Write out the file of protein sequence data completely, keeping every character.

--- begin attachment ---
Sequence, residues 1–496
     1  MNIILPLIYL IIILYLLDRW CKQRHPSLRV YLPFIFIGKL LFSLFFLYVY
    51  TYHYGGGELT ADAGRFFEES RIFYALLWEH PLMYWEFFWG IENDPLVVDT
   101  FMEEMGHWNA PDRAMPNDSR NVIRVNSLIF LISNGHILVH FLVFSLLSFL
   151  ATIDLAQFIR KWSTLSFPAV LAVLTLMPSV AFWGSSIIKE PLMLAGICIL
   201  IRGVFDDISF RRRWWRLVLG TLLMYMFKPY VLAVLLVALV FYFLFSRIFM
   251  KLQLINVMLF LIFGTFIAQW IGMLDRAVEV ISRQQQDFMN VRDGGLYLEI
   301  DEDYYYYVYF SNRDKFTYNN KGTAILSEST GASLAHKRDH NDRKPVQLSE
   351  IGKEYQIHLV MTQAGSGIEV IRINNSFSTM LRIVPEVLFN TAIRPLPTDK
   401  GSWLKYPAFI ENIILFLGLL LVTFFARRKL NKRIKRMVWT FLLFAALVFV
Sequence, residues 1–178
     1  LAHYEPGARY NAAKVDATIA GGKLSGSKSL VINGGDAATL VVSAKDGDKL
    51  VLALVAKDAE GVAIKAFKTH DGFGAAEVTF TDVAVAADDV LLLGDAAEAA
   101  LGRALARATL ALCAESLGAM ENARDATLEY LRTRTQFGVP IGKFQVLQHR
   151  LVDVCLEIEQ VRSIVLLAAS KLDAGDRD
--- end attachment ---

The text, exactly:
Sequence, residues 1–496
     1  MNIILPLIYL IIILYLLDRW CKQRHPSLRV YLPFIFIGKL LFSLFFLYVY
    51  TYHYGGGELT ADAGRFFEES RIFYALLWEH PLMYWEFFWG IENDPLVVDT
   101  FMEEMGHWNA PDRAMPNDSR NVIRVNSLIF LISNGHILVH FLVFSLLSFL
   151  ATIDLAQFIR KWSTLSFPAV LAVLTLMPSV AFWGSSIIKE PLMLAGICIL
   201  IRGVFDDISF RRRWWRLVLG TLLMYMFKPY VLAVLLVALV FYFLFSRIFM
   251  KLQLINVMLF LIFGTFIAQW IGMLDRAVEV ISRQQQDFMN VRDGGLYLEI
   301  DEDYYYYVYF SNRDKFTYNN KGTAILSEST GASLAHKRDH NDRKPVQLSE
   351  IGKEYQIHLV MTQAGSGIEV IRINNSFSTM LRIVPEVLFN TAIRPLPTDK
   401  GSWLKYPAFI ENIILFLGLL LVTFFARRKL NKRIKRMVWT FLLFAALVFV
Sequence, residues 1–178
     1  LAHYEPGARY NAAKVDATIA GGKLSGSKSL VINGGDAATL VVSAKDGDKL
    51  VLALVAKDAE GVAIKAFKTH DGFGAAEVTF TDVAVAADDV LLLGDAAEAA
   101  LGRALARATL ALCAESLGAM ENARDATLEY LRTRTQFGVP IGKFQVLQHR
   151  LVDVCLEIEQ VRSIVLLAAS KLDAGDRD